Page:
The missions are a fascinating study all on their own, due to the girls slowly becoming less and less successful as the mission goals become increasingly difficult. For example, the old man / mission commander / guardian angel warns Babydoll in the very first (and most successful) battle to try to stay alive. She ends up destroying not just the oni, but also a temple. Later the girls are warned up front in the first mission to try to work as a team. They don’t, and several of them are isolated and almost die: Rocket & Babydoll specifically — only by heroic scrambling do they manage to keep each other alive. In another mission they’re warned to not wake up the “mother” — but the girls end up killing both an adult dragon and her offspring. The final mission, which fails and ends in Rocket’s death, is to protect an entire city — and in the end the girls cannot stop the bomb in time.
So Babydoll destroys first a temple — religion did not protect her, after all — and then later the girls slaughter a mother and infant; clearly they are all motherless and cannot empathize with either the sleeping baby dragon or the grief-stricken parent. Admittedly, the mother is a fire-breathing dragon doing her best to kill them all for the murder of her child… but what does that say about the girls’ respective parents, and the protection they should have been able to receive from family? It’s no surprise, in a way, to see the entire city go up in the final atomic blast: what is religion, what are families and communities, to girls who have been utterly abandoned by all of society?
Another small grace note that wasn’t really understandable until later was the narrator’s introductory commentary regarding guardian angels: that they can appear as an old man or a child — and as the narrator spoke, you were looking down from the ceiling directly at Babydoll’s back, where she sat tensely on her bed waiting for news of her dying mother. I suspect that was our clue that she was, at least part of the time, embodying Sweet Pea’s guardian angel. There was also a wonderfully mind-bending moment in the brothel “level” of mental escapism, where the camera was looking over the shoulders of the girls as they sat at their dressing tables in front of the big, well-lit make-up mirrors. Just as you realized what you were seeing was the reflection of the girls rather than the girls themselves… the camera swooped forward, gliding through one of the mirrors — and you were looking at the girls’ backs as they sat in front of their mirrors again! Very “through the looking glass” there.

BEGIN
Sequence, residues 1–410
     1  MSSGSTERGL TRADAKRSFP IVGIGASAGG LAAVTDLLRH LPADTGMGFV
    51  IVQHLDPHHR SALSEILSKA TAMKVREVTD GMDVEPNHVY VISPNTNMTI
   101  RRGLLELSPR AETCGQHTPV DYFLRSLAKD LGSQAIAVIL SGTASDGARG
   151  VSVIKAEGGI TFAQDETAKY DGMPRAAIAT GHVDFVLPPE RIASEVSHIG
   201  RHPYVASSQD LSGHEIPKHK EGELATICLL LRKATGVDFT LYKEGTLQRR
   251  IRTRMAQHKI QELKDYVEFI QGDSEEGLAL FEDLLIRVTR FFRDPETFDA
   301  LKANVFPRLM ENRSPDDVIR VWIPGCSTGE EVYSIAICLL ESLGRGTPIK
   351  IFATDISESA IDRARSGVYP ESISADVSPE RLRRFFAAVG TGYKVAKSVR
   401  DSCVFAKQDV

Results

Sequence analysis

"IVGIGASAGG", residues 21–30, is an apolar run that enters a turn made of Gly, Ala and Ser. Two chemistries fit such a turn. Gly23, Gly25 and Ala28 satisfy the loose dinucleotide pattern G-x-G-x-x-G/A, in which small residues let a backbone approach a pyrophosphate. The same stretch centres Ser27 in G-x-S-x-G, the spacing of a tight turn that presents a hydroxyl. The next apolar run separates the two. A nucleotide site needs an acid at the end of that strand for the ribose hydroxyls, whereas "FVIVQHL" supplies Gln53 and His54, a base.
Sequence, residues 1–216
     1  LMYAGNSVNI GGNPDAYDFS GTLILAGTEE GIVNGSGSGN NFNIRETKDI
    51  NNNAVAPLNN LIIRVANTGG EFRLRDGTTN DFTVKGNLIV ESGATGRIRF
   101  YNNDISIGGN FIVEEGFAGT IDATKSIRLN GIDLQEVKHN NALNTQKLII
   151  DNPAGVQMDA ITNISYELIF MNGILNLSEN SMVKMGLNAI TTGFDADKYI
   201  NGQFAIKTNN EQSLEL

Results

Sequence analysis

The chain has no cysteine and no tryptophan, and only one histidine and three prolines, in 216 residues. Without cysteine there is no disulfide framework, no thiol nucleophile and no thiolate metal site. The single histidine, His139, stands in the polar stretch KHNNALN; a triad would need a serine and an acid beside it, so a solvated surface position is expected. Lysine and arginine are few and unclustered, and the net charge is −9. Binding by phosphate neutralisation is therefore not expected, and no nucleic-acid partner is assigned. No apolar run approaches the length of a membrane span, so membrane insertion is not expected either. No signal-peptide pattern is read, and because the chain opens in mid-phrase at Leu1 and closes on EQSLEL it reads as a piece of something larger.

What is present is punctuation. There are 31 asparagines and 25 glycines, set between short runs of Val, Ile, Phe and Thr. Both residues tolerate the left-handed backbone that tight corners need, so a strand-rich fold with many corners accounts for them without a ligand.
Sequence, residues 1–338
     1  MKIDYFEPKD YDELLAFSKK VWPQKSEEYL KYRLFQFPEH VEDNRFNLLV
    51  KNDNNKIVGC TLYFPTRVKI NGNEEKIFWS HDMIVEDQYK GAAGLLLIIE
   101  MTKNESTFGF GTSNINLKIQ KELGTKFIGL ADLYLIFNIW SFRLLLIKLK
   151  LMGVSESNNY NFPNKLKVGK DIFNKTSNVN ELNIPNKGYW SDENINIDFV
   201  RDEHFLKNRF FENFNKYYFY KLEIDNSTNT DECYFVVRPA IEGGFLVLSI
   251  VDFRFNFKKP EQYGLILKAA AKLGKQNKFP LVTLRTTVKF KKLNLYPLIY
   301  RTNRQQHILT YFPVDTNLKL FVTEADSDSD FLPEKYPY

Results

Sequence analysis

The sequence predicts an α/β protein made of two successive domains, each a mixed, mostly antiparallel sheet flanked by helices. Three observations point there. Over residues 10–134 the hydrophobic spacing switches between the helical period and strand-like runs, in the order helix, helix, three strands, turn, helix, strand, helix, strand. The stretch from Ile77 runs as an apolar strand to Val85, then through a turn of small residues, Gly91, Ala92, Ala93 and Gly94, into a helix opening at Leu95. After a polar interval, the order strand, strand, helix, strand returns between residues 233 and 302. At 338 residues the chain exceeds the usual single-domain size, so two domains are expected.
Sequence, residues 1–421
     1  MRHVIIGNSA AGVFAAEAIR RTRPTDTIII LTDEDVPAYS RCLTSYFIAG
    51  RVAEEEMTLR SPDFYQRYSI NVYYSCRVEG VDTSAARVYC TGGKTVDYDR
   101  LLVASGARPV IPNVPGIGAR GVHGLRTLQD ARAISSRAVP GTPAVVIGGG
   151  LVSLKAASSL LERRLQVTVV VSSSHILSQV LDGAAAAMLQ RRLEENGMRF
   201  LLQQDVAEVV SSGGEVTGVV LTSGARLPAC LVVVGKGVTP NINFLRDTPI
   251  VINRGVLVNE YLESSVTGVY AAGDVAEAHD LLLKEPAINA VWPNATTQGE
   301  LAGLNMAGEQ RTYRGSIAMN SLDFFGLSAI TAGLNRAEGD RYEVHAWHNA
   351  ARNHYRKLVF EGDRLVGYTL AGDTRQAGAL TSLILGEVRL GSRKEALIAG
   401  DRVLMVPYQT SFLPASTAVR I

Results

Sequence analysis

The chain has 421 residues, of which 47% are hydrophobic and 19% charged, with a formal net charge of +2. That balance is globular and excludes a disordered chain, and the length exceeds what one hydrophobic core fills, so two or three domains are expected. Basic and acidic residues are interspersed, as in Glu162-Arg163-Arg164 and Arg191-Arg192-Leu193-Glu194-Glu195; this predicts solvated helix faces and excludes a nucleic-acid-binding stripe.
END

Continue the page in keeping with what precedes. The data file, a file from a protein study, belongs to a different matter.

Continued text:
One other weirdly cool and surprising bit: the tools for one version of the “sucker punch” — the spike and hammer — were subtly present directly up front, right from the very beginning, in the stylized writing of the poster titles. Sweet Pea also warned us at the very beginning of her first talking scene that she was the hero of the story, in a nice bit of foreshadowing that had her symbolically assuming and refusing Babydoll’s impending lobotomy.
All those things tell a little bit about why I enjoyed the movie so, although they aren’t the sum of my enjoyment. Another thing I liked, which may or may not have been deliberate on the part of the director, was the theme of the search for Paradise — both physically and through personal redemption. For example, the girls talked about their yearning for freedom even if the price was death, and at one point we saw Sweet Pea (the only girl reluctant to risk everything) had a wine bottle labeled “Paradise” on her dressing table — it seemed appropriate she’d search first for freedom at the bottom of a bottle.
Ultimately the women all won through to their versions of Paradise, though the cost was very high. Dr./Madam Gorski brought in the authorities to stop Blue when she realized he’d forged her signature authorizing Babydoll’s lobotomy. Babydoll herself not only defeated the obsessive plotting of Blue and her stepfather, but she also redeemed herself not being able to save her little sister earlier — by rescuing Rocket and freeing Sweet Pea, who had also initially sacrificed herself to successfully rescue her little sister Rocket. Babydoll’s paradise occurred because she was willing to sacrifice herself; she was no long forced to live in a world where she was utterly alone, saddled with the guilt of accidentally murdering her beloved little sister. Rocket returned the favor of being rescued, by martyring herself in saving her big sister’s life; Sweet Pea got to return home to her family, and her bus (driven by her guardian angel in the form of the old man who organized all the earlier missions) passed a 50’s style sign announcing Paradise ahead soon.